Susanna Hedenborg Malmö University
Annika Rosén Malmö University
Oskar Solenes Molde University College
Gabriella Thorell Strömsholm
Introduction and aim
A few years ago, media reported on a 7-year-old girl that was killed during a riding lesson in Sweden. Equestrianism is one of the sports most affected by serious accidents (Ball et al, 2007; Carmichael et al 2014; Carrillo et al 2007) and the accident with the young girl raises questions about children, horses, and safety. Children are small and horses big, and the horse is a herd and prey animal whose behavior is partly controlled by instincts. Today, many riding schools in Sweden and Norway offer riding for pre-school children. There is, however, no research on pre-school children and horse riding. In general, there are few studies of younger children in comparison to studies of older children, adolescents, and adults (Söderlind & Engwall 2005). This also applies to research in sport sciences (Hedenborg & Fransson 2011). It is therefore of crucial importance to collect data on how activities for pre-school children are carried out and can be adapted to ensure rider safety and horse welfare. The aim of the project “Too young to ride?”is to increase knowledge of horse and riding education for pre-school children with the objective of developing safer horse environments in Sweden and Norway. The project poses research questions pertaining to the organization of activities in relation to children, parents, riding instructors, and horses, as well as safety precautions in place and perceptions of safety. Furthermore, ideas of the welfare of horses will be studied. The research questions can be divided into three areas:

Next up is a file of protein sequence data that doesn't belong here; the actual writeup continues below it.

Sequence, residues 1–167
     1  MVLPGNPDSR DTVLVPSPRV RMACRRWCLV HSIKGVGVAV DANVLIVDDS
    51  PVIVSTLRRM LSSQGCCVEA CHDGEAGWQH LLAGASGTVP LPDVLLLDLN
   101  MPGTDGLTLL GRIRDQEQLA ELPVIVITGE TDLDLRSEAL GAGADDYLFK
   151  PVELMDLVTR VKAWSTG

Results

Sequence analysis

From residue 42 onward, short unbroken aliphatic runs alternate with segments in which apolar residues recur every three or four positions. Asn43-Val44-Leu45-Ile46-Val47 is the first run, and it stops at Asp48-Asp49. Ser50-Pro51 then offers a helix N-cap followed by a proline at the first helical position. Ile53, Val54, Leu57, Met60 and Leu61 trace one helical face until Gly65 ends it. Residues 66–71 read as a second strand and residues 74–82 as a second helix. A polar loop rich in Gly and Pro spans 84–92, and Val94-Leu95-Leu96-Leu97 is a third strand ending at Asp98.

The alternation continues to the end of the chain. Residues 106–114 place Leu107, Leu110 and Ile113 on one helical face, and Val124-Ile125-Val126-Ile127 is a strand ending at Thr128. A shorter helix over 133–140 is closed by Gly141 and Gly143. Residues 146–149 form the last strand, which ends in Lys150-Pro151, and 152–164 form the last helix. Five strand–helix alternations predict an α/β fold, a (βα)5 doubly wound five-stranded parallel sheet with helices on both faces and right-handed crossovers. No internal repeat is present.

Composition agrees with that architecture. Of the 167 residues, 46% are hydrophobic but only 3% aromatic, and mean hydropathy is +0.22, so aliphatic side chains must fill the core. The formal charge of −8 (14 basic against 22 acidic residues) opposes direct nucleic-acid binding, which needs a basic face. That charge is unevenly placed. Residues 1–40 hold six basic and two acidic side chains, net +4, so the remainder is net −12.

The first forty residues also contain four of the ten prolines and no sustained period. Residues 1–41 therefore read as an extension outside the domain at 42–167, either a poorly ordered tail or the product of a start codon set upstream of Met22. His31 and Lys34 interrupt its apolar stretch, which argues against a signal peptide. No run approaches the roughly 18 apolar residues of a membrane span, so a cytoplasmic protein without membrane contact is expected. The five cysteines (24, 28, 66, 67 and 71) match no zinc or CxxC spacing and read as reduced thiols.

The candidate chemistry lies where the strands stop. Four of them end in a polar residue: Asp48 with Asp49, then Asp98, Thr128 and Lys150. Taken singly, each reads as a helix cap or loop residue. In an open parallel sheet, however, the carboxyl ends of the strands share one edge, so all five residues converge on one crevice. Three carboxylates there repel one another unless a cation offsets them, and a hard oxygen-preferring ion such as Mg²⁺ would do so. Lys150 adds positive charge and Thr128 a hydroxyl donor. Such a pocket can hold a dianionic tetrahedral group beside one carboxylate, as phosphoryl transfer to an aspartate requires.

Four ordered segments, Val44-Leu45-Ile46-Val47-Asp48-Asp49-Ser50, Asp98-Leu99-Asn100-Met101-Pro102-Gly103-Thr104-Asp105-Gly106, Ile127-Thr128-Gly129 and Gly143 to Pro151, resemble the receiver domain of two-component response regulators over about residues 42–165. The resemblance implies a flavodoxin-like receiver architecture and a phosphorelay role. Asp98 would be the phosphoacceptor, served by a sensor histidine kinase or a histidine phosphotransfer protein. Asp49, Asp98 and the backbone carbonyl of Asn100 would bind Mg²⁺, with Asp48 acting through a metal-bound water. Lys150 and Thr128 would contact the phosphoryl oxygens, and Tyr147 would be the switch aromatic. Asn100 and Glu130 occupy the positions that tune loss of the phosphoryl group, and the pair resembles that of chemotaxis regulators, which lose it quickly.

- Current status in Norway and Sweden: How many riding schools organize activities for pre-school children in Sweden and Norway; in urban and rural areas? Who is involved in these activities (social class, gender, ethnicity and age patterns)? How are activities for young children presented and carried out, and how much do they cost?